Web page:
* Bridges typically cannot operate without type information. For example, it is not possible to bridge from CORBA to Ice or vice-versa without precise knowledge of the types that are involved because neither CDR nor the Ice encoding carry type information on the wire. So, the bridge has to be configured with type information, which can be an administrative nightmare. Moreover, by using a bridge, we end up squeezing all the invocations through a server process, which isn't all that scalable (well, not scalable at all, to be honest).

    So, the recommendation I have for people who ask me about bridging is that it is usually cheaper and more effective to build an application-specific bridge by hand than to use an automatic translation gizmo of some kind. You take the, say, IDL definitions and hand-translate them into corresponding Ice definitions. That way, you can make an object model that looks good in CORBA and looks good in Ice and does the right thing by either side. Then you build a simple server that bridges between the two models by forwarding requests in both directions. Usually, this is not all that difficult because the server logic is mostly trivial. Putting both Ice and CORBA run times together in the same server is no problem. The namespaces are properly separated so you won't get clashes, and you simply link against both CORBA and Ice libraries. Unless you have a large number of different applications with vast amounts of IDL or Slice definitions, this is the best way to go, in my opinion.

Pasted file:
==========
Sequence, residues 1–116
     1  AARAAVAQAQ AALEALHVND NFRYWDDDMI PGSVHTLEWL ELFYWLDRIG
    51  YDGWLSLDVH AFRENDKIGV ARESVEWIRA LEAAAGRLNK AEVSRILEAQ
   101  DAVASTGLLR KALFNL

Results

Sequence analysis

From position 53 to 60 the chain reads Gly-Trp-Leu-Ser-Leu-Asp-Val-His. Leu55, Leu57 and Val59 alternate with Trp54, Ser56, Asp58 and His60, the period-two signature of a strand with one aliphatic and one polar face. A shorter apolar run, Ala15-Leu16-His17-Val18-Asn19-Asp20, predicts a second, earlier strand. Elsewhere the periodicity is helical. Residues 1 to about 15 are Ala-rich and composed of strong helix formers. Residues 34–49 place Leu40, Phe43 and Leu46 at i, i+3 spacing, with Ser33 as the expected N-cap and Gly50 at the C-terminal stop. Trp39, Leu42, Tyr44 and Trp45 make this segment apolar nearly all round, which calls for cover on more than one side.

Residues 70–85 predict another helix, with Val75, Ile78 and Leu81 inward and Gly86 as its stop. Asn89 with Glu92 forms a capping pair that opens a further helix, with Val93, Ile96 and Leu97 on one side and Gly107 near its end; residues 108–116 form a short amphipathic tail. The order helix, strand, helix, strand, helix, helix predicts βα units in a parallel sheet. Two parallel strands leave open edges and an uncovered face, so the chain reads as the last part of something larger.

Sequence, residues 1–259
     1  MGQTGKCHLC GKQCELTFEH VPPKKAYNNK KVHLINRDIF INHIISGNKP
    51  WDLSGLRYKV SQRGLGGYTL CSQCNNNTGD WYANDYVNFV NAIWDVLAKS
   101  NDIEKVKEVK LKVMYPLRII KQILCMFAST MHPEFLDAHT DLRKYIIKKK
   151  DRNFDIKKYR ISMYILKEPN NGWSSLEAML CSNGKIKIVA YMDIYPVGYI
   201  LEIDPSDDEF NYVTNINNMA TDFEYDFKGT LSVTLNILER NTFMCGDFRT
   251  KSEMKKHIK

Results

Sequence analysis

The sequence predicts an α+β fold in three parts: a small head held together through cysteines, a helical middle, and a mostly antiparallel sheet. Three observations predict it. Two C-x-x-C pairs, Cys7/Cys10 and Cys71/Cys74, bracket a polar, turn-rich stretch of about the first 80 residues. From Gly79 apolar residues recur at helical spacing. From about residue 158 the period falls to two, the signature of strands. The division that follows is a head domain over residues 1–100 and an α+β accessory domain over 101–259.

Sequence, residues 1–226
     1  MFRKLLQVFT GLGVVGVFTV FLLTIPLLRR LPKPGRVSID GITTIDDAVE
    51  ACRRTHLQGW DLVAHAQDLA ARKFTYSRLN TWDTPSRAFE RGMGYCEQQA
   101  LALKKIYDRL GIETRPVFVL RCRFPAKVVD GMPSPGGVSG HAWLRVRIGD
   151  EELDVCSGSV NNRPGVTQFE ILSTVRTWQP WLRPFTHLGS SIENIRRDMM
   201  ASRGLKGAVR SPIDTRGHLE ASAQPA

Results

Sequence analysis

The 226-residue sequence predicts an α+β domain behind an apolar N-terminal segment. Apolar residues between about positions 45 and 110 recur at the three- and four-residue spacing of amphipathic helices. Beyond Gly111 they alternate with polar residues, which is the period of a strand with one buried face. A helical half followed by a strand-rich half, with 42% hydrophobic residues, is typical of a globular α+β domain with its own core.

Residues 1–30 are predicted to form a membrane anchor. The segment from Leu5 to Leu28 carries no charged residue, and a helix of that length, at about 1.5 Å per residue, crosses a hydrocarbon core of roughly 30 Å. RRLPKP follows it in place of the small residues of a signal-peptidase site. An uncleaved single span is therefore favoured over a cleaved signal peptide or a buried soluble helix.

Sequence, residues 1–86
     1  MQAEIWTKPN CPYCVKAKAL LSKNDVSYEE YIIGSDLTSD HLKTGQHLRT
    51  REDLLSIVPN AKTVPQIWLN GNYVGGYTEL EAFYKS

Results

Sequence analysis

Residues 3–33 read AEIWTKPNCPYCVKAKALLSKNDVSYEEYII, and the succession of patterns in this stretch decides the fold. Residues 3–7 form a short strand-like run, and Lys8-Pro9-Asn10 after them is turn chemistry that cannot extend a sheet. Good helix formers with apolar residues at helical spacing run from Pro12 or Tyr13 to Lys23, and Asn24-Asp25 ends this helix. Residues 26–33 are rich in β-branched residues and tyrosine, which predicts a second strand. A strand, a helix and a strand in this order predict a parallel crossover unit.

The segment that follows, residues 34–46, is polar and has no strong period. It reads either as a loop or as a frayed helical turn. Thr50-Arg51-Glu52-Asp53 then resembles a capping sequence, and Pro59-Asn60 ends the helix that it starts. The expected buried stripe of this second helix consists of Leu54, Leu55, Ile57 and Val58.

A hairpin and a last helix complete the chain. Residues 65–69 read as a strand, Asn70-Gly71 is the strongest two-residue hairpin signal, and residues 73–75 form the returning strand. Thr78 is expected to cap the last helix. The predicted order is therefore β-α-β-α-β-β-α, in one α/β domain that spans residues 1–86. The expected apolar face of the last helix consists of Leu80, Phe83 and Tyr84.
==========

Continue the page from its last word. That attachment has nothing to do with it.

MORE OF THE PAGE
So, having said all that, it is definitely possible for at least a subset of CORBA and Ice to be bridged cleanly. I probably would still not go for a fully-automated approach, but for something that uses user-defined mapping tables instead of automatic translation. That way, you don't suffer a lot of the interface uglyness that results from completely automatic translation.

    Depending on how much demand we get, we may end up building such a thing. It really depends on customer demand. Depending on whether the bridge is static or dynamic, we also might add a DII/DSI type of mechanism. (This wouldn't be too hard to do because all the hooks for it are in the run time already.)

    So, for the moment, no bridge. But, if you seriously are thinking about bridging between CORBA and Ice, I'd suggest to give it a go just to see how it pans out. Take a subset of the IDL, and make a server that can bridge in just one direction to start with. In essence, if the bridge allows CORBA clients to talk to Ice servers, you end up building a CORBA server whose servant implementations act as Ice clients to the real Ice server.
    As a proof of concept, that's all you need to do. And you might be pleasantly surprised at how easy it is. (In fact, maybe we should build a demo that does this, just to show people the insanity of the CORBA C++ mapping side-by-side with the elegance of the Ice C++ mapping ;-) )